In my first blog post, I have explained about the what is regression? And how linear regression model is generated in R? In this post, I will explain what is logistic regression? And how the logistic regression model is generated in R?
Let’s first understand logistic regression. Logistic regression is one of the type of regression and it is used to predict outcome of the categorical dependent variable. (i.e. categorical variable has limited number of categorical values) based on the one or more independent variables. For example, if you would like to predict who will win the next T20 world cup, based on player’s strength and other details. It is a prediction done with categorical variable. Logistic regression can be binomial or multinomial.
In the binomial or binary logistic regression, the outcome can have only two possible types of values (e.g. “Yes” or “No”, “Success” or “Failure”). Multinomial logistic refers to cases where the outcome can have three or more possible types of values (e.g., “good” vs. “very good” vs. “best” ). Generally outcome is coded as “0” and “1” in binary logistic regression. We will use binary logistic regression in the rest of the part of the blog. Now, we will look at how the logistic regression model is generated in R.
Logistic regression in R
glm(Y~X1+X2+X3, family=binomial(link=”logit”), data=mydata)
Here, Y is dependent variable and X1, X2 and X3 are independent variables. Function includes additional parameter family and it has value binomial(link=”logit”) which means the probability distribution of regression model is binomial and link function is logit (Refer book R in Action for more information). Let’s generate a simple model. Suppose we want to predict whether a student will get admission based on his two exam scores. For this problem we have a historical data from previous applicants which can be used as the training data set to build a model. The data set contains the following parameters.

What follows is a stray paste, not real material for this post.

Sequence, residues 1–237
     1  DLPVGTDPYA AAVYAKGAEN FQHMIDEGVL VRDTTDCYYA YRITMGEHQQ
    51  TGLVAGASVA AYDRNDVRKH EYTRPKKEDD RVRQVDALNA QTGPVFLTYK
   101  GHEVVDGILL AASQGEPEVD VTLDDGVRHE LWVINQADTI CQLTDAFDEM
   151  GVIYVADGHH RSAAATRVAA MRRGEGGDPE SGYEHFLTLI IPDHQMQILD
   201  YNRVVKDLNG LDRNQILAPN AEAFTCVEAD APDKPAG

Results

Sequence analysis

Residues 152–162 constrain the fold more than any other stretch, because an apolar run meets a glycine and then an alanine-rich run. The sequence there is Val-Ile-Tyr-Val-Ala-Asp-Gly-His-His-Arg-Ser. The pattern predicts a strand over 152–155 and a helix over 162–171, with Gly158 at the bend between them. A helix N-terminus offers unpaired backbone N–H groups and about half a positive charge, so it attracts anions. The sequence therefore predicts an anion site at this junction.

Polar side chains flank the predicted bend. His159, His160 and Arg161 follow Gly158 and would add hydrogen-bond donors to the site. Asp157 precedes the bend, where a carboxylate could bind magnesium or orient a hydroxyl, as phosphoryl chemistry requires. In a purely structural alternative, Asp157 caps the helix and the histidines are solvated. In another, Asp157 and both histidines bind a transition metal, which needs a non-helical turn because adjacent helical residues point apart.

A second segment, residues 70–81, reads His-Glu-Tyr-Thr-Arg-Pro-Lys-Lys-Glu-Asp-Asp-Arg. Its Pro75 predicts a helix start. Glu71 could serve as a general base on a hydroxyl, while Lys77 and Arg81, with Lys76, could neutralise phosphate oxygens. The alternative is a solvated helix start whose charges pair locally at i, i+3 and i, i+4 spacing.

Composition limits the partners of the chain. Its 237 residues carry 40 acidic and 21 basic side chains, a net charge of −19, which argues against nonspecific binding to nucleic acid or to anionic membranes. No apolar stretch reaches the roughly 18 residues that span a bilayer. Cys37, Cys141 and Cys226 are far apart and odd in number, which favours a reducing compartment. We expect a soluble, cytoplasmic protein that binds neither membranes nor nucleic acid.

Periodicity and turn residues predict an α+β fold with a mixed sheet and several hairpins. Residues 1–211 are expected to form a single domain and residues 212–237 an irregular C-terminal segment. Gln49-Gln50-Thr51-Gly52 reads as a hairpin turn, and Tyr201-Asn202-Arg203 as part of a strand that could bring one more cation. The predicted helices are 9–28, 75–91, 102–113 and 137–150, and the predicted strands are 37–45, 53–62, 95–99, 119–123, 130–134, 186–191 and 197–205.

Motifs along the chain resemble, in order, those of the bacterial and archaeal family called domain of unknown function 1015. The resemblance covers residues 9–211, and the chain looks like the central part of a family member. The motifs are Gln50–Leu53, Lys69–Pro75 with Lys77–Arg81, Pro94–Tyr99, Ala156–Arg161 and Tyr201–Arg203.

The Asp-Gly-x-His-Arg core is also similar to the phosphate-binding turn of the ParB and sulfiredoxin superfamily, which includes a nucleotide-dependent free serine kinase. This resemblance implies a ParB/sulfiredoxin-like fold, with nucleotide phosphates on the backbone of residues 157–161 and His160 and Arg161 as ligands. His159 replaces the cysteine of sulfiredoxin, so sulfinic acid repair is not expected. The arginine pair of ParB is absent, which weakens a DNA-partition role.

- exam_1- Exam-1 score
- exam_2- Exam-2 score
- admitted- 1 if admitted or 0 if not admitted
In the above parameters, parameter admitted has value 1 or 0 for each observation. Now, we will generate a model that can predict, will student get admission based on two exam scores? For a given problem, admitted is considered as dependent variable, exam_1 and exam_2 are considered as independent variables. The R code for the model is given as below.
>Model_1<-glm(admitted ~ exam_1 +exam_2, family = binomial("logit"), data=data)
After generating the model, let’s try to predict using this model. Suppose we have two exam marks of a student, 60 of exam_1 and 85 of exam_2. We will predict that will student get admission? Following is R code for predicting probability of student to get admission.
>in_frame<-data.frame(exam_1=60,exam_2=86) >predict(Model_1,in_frame, type="response")
Here, the output is given as a probability score which has value in range 0 to 1. If the probability score is greater than 0.5 then it is considered as TRUE. If the probability score is less than or equal to 0.5 then it is considered as FALSE. In our case 1 or 0 will be considered as the output to decide, will student get admission or not? if it is 1 then student will get admission otherwise not. So I have used round() function to convert probability score to 0 or 1. It is as below.
>round(predict(Model_1, in_frame, type="response"))
Output is 1 means a student will get admission. We can also predict for other observations in the above manner. Finally we understood what is logistic regression? And how it works in R? If you want to do the same exercise, Click here for R code and sample data set of above example. In the next blog, we will discuss about a specific problem for Google Analytics data and see how to use logistic regression into?
Would you like to understand the value of predictive analysis when applied on web analytics data to help improve your understanding relationship between different variables? We think you may like to watch our Webinar – How to perform predictive analysis on your web analytics tool data. Watch the Replay now!
Post Last Updated on 25/04/2017 by Dikesh JariwalaLogistic Regression with R by Amar Gondaliya